World Briefs

Ambassador defends Benghazi remarks

UNITED NATIONS – U.S. Ambassador Susan Rice said Wednesday that her early account of the attack that killed the U.S. ambassador to Libya and three other Americans in Benghazi was based on the initial intelligence community assessments and was always subject to review and updates.

She said she respects Republican Sen. John McCain, who has been critical of her, but says “some of the statements he’s made about me have been unfounded, but I look forward to having the opportunity at the appropriate time to discuss all of this with him.”

Her comments attributing the attacks to a mob enraged over an anti-Muslim video posted on YouTube were widely denounced by Republicans during the U.S. presidential campaign. The attack came on the 11th anniversary of the Sept. 11, 2001 terror attacks on the United States, and her critics said it was clearly a terrorist attack aimed at the anniversary. U.S. Ambassador Chris Stevens and three other Americans were killed.

Rwanda commanding Congo rebel force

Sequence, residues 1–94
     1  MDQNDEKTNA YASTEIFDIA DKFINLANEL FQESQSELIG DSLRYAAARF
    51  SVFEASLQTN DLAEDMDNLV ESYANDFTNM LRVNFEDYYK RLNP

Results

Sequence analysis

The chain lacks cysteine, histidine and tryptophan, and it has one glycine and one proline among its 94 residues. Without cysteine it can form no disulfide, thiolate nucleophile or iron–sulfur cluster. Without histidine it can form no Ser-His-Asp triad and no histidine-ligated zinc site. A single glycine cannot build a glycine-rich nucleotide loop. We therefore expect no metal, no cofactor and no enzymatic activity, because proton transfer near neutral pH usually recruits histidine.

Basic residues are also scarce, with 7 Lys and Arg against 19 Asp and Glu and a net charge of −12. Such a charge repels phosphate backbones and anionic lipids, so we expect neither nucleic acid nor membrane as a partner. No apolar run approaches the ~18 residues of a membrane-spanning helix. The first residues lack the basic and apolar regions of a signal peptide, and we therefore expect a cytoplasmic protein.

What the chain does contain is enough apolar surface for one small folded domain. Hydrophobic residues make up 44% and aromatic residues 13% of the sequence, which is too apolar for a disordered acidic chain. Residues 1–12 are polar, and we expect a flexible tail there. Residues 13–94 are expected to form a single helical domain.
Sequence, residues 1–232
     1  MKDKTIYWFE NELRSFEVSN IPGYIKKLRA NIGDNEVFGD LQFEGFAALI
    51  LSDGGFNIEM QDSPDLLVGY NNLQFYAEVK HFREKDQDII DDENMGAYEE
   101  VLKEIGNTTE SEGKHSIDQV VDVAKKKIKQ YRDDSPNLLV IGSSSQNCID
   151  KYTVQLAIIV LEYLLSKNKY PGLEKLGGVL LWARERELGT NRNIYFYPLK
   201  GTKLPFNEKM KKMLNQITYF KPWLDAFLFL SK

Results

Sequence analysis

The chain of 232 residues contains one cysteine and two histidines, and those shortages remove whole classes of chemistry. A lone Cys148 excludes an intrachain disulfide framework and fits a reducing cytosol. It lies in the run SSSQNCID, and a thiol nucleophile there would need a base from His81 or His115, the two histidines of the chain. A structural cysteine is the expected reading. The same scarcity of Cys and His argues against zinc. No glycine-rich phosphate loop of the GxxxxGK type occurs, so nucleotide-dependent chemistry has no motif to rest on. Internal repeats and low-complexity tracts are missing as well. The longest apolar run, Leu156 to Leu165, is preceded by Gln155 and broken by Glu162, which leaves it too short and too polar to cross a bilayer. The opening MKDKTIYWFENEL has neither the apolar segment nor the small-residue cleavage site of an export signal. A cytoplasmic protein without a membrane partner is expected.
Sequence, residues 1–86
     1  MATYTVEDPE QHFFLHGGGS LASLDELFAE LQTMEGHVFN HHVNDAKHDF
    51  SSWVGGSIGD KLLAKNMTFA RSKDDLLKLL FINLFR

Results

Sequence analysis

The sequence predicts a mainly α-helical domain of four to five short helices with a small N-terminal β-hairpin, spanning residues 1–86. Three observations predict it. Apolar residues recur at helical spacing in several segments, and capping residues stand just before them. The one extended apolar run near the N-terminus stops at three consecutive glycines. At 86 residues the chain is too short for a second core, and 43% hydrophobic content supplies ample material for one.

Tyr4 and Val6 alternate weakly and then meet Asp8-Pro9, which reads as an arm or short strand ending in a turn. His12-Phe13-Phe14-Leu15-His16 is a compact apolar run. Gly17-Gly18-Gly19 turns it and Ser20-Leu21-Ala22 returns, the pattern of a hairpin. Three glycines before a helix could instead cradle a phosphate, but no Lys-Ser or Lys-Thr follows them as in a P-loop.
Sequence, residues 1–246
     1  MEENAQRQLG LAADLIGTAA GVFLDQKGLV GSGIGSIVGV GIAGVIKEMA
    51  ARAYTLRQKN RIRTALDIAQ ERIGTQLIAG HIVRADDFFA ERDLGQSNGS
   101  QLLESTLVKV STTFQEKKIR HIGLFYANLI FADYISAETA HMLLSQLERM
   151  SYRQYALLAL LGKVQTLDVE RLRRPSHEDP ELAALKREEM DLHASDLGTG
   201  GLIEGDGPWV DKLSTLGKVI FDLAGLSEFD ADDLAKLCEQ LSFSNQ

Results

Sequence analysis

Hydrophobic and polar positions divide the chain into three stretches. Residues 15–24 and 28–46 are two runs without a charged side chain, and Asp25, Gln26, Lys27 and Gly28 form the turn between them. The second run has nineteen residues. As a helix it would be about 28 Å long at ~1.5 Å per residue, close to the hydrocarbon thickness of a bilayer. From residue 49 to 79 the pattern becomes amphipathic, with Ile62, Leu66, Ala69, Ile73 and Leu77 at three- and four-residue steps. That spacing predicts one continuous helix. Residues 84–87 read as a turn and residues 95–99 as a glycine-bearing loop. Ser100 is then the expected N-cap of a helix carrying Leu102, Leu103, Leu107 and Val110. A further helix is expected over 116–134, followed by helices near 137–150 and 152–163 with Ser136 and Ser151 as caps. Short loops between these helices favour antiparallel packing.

UNITED NATIONS – The Rwandan military is commanding and supporting the rebel force that overtook a major city in eastern Congo this week, a United Nations report released Wednesday said.

Uganda also is providing more subtle but nonetheless decisive backing to the M23 rebels, the report said.

The report’s release, just one day after the violent takeover of Goma, is sure to increase pressure on the international community to confront the two eastern African countries about their role in neighboring Congo’s conflict. Both Rwanda and Uganda have repeatedly denied supporting the M23 movement and have faced little international criticism over the allegations.

Associated Press

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